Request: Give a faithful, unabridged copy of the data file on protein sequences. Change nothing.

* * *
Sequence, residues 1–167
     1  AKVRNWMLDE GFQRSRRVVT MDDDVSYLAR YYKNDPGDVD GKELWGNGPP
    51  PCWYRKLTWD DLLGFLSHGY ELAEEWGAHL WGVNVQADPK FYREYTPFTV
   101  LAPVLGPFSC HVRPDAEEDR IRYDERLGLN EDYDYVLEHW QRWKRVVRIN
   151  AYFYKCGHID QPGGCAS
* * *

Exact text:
Sequence, residues 1–167
     1  AKVRNWMLDE GFQRSRRVVT MDDDVSYLAR YYKNDPGDVD GKELWGNGPP
    51  PCWYRKLTWD DLLGFLSHGY ELAEEWGAHL WGVNVQADPK FYREYTPFTV
   101  LAPVLGPFSC HVRPDAEEDR IRYDERLGLN EDYDYVLEHW QRWKRVVRIN
   151  AYFYKCGHID QPGGCAS